Monday, June 4, 2012

Vintage Dinosaur Art: Rourke's Tyrannosaurus

This is a Rourke title I've been looking forward to covering here for a long time, and what a pipin' hot slab of coelurosaur meat it is. It's Tyrannosaurus rex, the favorite dinosaur you're too good to admit is your favorite. You feign interest in ornithopods, act like you like your theropods small and feathery, pretend that basal sauropodomorphs warrant more than a cursory glance. All the while, the itty bitty T. rex on your shoulder whispers in your ear: "You're mine, and you know it."

Rourke Tyrannosaurus

This is the seventh Rourke Publishing title we've covered in this series, so by this point, I reckon you've got the gist of what they're about. Tyrannosaurus dates to 1981, and was written by Angela Sheehan. This is the first of these posts to feature the work of George Thompson, an illustrator who suffers from the problem of sharing a name with a currently working, younger George Thompson, rendering him nigh-ungoogleable. So, on to the illustrations themselves. They're... eccentric.

For instance, our title character has a little of that stuff that drives country music superstar Trace Adkins wild.

Rourke Tyrannosaurus

When not proudly displaying that sumptuous derriere, Tyrannosaurus is searching for food, scaring every living thing in the vicinity away.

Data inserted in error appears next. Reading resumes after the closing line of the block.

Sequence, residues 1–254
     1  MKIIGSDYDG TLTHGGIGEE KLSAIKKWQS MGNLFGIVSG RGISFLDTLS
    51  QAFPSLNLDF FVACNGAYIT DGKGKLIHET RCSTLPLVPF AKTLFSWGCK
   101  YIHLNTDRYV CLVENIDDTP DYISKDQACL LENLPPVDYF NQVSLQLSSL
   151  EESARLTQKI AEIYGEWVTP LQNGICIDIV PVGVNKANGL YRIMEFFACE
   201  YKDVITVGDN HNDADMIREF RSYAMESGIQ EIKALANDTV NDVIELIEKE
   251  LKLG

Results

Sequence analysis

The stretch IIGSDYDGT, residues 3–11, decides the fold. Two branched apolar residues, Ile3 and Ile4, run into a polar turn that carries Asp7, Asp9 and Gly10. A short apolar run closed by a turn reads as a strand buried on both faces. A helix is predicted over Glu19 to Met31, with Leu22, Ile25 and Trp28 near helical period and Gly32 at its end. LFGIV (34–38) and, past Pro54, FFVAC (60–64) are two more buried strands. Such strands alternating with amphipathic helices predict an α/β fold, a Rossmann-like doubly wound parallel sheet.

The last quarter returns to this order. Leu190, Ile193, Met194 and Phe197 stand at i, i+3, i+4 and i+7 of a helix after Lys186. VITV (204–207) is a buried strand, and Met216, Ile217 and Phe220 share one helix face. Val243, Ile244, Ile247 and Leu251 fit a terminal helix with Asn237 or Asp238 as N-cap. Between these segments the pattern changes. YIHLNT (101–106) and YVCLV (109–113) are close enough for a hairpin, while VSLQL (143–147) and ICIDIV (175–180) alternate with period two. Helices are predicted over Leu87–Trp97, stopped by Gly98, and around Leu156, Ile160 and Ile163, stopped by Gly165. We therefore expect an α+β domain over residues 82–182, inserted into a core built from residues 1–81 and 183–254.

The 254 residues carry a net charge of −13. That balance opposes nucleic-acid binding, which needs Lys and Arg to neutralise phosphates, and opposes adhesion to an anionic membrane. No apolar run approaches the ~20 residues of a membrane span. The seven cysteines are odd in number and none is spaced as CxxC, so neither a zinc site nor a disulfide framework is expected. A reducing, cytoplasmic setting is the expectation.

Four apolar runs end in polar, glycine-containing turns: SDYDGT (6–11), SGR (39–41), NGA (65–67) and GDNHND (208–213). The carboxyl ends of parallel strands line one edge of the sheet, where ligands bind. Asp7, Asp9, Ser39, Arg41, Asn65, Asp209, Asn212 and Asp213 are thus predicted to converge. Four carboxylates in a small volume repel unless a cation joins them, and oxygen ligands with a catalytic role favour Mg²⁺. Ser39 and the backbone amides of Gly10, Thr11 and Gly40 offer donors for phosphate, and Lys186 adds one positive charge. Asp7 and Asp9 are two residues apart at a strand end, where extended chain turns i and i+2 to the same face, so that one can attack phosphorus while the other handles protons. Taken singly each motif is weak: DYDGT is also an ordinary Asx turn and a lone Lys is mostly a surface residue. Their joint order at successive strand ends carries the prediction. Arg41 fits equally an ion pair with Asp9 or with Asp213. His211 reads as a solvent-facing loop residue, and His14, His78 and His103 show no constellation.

Rourke Tyrannosaurus

Except, of course for Triceratops. At this point, the two are contractually obligated to exchange blows whenever in each other's vicinity; like two aging wrestlers, they don the spandex and work up a passable substitute for the intensity of their classic battles. Don't be fooled by the wound Tyrannosaurus sports for the rest of the book: it's stage blood.

Rourke Tyrannosaurus

Poor, hungry Rexy also tries for a bit of hadrosaur flesh... only to find these early ancestors of the Water Horse instead, a pity. There's some pretty strange choices made here; yes, the Parasaurolophus are, like the menace lurking in the background, rendered in classic man-in-suit posture. Their snouts are bulbous instead of that distinctive wedge shape. But oddest of all are those creepy human-like hands. There's also the minor point of Parasaurolophus being known from strata several million years older than T. rex, but... those hands. Those horrifying hands.

Rourke Tyrannosaurus

Suddenly skinny, our hero comes across a Struthiomimus raiding a nest - also bearing a bizarre set of hands - and when it flees... the rex doesn't eat the free meal of eggs left behind. Ours is a choosy tyrant.

Rourke Tyrannosaurus

Luckily, a more suitable meal for the king arrives: the titanosaur Alamosaurus, as noted in the last Rourke post, also displaced from its time. As usual, the predator goes straight for the sauropod's neck, but this one seems a bit more freaked out by this turn of events than some previous appearances of the meme.

Rourke Tyrannosaurus

Most amazingly... he finishes the whole thing! That entire sauropod is in Rex's belly. Though the Rourke titles tend to adhere to the more reasonable, evidence-based views of the young Dinosaur Renaissance, this take on T. rex is clearly based on the old "ancient monster" mode, with a capacity for gluttony unmatched in the animal kingdom. "When he woke he might be hungry again." Really?

Rourke Tyrannosaurus